Android may be a Linux-based operating system, but the Linux roots are something that few people pay much mind. Regardless of whether it is known or acknowledged by many people, the fact remains that Android is rooted in software regarded as horrendously difficult to use and most-readily associated with the geekier computer users, but also renowned for its security.
As is easy to tell by comparing versions of Android from different handset manufacturers, developers are — broadly speaking — free to do whatever they want with Android, but with Oreo, one aspect of this is changing. Google is introducing a new requirement that OEMs must meet certain requirements when choosing the Linux kernel they use.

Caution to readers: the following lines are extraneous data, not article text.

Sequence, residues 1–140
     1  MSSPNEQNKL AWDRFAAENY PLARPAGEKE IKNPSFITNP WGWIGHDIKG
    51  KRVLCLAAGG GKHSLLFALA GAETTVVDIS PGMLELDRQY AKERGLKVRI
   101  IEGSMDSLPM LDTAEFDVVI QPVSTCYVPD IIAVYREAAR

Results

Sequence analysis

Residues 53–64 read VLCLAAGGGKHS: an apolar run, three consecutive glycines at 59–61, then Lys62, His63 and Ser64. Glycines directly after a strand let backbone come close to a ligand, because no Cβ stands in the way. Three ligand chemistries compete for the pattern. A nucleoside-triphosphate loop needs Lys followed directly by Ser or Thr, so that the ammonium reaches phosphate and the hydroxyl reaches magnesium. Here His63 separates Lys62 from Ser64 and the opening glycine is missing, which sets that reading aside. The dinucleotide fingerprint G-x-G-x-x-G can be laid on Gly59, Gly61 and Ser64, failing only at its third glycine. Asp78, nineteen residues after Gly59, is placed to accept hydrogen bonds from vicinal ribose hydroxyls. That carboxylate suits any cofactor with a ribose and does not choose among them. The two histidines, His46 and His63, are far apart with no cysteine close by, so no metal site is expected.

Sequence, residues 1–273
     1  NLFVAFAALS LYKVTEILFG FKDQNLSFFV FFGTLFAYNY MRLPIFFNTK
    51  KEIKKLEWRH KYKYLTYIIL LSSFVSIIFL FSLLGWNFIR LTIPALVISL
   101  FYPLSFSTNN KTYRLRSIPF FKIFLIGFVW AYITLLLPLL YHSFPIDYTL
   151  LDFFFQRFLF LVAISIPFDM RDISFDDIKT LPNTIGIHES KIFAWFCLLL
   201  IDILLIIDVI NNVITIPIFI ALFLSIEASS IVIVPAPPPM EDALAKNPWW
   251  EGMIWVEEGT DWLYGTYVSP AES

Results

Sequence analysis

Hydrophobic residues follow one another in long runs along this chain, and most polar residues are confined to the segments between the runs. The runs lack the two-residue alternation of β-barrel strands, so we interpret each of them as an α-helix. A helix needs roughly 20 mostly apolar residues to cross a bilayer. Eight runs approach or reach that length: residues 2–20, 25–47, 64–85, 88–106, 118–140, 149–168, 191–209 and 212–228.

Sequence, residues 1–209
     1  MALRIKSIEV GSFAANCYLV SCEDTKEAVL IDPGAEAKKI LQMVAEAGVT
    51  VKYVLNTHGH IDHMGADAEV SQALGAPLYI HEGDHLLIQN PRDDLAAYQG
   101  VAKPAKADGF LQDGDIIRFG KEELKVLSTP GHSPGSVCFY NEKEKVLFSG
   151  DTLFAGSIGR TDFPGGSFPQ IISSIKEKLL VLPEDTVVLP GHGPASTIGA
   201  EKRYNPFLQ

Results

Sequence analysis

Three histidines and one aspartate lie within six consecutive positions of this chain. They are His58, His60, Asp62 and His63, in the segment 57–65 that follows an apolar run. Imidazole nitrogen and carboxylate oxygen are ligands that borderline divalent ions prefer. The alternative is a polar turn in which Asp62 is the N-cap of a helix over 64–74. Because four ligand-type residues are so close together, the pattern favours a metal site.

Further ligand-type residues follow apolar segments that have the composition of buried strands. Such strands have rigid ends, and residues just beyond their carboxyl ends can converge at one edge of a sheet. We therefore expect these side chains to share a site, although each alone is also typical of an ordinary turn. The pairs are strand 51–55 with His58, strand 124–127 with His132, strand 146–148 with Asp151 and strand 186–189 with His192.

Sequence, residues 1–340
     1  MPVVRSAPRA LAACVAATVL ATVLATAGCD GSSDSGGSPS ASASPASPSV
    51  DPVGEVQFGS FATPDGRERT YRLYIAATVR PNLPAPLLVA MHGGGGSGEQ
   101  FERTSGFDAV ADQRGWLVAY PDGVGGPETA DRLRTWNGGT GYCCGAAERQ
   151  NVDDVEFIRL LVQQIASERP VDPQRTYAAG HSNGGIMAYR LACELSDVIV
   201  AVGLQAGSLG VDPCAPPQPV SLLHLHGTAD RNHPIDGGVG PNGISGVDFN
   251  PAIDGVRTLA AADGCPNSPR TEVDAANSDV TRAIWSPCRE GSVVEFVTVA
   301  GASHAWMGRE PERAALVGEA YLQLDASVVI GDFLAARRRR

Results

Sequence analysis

Until now, as pointed out by XDA Developers, OEMs have been free to use whatever Linux kernel they wanted to create their own version of Android. Of course, their builds still had to pass Google’s other tests, but the kernel number itself was not an issue. Moving forward, Android devices running Oreo must use at least kernel 3.18, but there are more specific requirements to meet as well.